Planning to buy a new house? These are the 8 things you must know about “The Real Estate Regulation Bill”

Rajya Sabha has passed the Real Estate (Regulation and Development) Bill this Thursday. The bill promises to secure the interest of the buyers and  curb corruption and inefficiency that has captured this sector. 

Here are the 8 things you must know about the Real Estate Bill:

  • The Bill regulates transactions between buyers and promoters of residential real estate projects.  It establishes state level regulatory authorities called Real Estate Regulatory Authorities (RERAs).
  • On registration, the promoter must upload details of the project on the website of the RERA.  These include the site and layout plan, and schedule for completion of the real estate project. Residential real estate projects, with some exceptions, need to be registered with RERAs.  Promoters cannot book or offer these projects for sale without registering them. Real estate agents dealing in these projects also need to register with RERAs.
  • 70% of the amount collected from buyers for a project must be maintained in a separate bank account and must only be used for construction of that project.  The state government can alter this amount to less than 70%. The promoter shall not accept more than 10% of the total cost of the property as an advance payment without entering into a written agreement.
  • The Bill establishes state level tribunals called Real Estate Appellate Tribunals.  Decisions of RERAs can be appealed in these tribunals.
  • Penalties – In case the promoter fails to register the property, he may be penalised up to 10% of the estimated cost of the project.
    Failure to register despite orders issued by the RERA will lead to imprisonment for up to three years, and/or an additional fine of 10% of the estimated cost of the project. The promoter will have to pay up to 5% of the estimate cost of the project if he violates any other provisions of the Act.
    Real estate agents will have to pay a fine of Rs 10,000 for violating any provisions of the Act, for each day the violation continues.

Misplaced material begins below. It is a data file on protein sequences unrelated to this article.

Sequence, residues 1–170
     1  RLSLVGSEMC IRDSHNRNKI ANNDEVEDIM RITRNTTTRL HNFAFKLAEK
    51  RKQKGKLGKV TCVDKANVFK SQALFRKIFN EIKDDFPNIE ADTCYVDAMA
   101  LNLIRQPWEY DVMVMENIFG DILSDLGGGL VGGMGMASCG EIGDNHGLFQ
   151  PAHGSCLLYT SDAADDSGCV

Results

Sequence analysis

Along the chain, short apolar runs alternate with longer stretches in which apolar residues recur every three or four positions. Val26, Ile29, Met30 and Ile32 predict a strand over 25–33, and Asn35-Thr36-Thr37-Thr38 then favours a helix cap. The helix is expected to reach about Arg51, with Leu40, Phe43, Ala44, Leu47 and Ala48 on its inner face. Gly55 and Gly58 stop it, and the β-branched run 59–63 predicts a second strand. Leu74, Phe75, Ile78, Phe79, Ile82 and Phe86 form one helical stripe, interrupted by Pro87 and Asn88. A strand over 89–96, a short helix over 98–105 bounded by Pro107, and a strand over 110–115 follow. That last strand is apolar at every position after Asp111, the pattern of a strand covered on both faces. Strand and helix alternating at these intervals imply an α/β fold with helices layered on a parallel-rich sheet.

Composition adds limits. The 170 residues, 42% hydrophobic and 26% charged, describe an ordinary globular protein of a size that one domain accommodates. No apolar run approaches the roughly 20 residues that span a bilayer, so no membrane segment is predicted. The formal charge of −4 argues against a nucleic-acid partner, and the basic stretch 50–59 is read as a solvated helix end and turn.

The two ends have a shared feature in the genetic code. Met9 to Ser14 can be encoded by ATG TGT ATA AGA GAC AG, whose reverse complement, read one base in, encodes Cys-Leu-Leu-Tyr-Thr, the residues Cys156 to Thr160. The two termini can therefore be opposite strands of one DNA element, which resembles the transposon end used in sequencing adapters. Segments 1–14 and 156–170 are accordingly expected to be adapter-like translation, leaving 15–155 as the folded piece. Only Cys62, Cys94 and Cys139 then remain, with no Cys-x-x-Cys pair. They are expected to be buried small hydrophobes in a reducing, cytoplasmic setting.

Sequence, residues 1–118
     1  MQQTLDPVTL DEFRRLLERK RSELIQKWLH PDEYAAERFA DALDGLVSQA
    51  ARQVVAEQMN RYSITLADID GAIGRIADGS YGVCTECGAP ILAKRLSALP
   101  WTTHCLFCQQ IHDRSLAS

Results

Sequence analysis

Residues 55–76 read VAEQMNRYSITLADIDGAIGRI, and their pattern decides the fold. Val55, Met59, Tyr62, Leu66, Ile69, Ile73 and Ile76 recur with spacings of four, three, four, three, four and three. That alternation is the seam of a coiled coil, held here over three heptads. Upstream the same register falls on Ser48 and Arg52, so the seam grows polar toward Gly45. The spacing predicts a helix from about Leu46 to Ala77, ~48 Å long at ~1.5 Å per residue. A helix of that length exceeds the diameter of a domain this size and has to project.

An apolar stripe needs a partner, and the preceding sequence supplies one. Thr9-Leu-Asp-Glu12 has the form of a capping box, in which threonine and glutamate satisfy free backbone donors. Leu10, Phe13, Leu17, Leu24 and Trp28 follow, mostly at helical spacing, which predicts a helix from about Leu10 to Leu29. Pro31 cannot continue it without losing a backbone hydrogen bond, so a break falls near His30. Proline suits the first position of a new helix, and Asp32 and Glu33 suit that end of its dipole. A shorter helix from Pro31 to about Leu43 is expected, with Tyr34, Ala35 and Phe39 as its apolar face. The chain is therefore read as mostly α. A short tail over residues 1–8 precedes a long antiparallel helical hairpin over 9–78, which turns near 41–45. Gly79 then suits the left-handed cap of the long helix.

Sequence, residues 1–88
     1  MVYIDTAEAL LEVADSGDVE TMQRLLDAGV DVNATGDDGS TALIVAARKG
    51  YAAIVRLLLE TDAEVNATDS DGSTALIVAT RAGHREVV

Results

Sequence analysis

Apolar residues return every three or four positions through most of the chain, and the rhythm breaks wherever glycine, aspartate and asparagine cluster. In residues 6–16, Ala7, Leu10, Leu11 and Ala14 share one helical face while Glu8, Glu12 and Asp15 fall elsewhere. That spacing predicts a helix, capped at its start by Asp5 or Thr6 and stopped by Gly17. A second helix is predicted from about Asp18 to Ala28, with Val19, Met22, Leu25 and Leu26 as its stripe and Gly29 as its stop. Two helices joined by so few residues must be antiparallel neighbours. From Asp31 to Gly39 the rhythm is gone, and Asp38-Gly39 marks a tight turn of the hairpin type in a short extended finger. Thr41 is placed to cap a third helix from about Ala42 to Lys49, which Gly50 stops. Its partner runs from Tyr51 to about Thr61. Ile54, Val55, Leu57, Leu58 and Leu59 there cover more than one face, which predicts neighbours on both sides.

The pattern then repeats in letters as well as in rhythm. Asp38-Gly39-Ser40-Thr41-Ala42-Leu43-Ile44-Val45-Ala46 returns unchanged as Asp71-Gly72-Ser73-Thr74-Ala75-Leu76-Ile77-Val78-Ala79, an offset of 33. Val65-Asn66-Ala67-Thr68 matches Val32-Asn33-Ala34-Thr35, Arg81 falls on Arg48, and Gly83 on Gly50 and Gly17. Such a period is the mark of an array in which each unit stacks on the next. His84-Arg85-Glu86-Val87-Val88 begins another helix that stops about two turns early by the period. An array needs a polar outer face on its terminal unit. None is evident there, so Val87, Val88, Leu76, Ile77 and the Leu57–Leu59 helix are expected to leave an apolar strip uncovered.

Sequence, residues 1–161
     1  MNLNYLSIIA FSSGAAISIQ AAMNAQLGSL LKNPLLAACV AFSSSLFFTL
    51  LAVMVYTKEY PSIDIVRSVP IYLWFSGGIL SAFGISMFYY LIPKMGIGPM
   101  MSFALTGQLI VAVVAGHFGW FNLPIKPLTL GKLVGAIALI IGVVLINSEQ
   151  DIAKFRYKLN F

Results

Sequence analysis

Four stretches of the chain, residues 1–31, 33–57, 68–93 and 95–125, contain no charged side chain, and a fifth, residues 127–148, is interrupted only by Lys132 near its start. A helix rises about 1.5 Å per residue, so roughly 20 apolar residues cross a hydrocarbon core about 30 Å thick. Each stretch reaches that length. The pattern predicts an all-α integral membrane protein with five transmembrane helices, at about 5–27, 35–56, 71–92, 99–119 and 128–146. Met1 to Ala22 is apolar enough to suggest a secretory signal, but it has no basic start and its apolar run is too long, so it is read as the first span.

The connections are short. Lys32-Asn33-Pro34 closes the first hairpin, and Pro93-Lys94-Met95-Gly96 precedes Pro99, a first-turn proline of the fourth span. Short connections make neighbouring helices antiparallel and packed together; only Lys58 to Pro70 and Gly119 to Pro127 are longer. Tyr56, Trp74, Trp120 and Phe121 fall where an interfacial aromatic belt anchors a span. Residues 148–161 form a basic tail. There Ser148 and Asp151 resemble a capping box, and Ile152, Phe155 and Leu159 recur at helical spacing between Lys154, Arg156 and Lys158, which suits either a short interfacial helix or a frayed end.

• The Bill prohibits a developer from changing the plan in a project unless two-thirds of the allottees have agreed for such a change.
  • Builders would be responsible for fixing structural defects for five years after transferring the property to a buyer.
  • In case builders still cause delays in transferring properties to buyers, the appellate tribunals would intervene and slap fines on them within 60 days.

 

Image Courtesy: Pixabay
Information Source: prsindia

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Sonali Anand

Sonali Anand

She is a propagator and patron of women empowerment and self-dependency. Through her writings, she wants to infuse confidence in this section of society so that they can emerge strong. Hence, she quit her job to start blogging as her full-time engagement. She provides counselling to women to start their career in different fields which vary from management to home science.

She is an MBA in Finance.
Sonali Anand

Sonali Anand

She is a propagator and patron of women empowerment and self-dependency. Through her writings, she wants to infuse confidence in this section of society so that they can emerge strong. Hence, she quit her job to start blogging as her full-time engagement. She provides counselling to women to start their career in different fields which vary from management to home science.She is an MBA in Finance.

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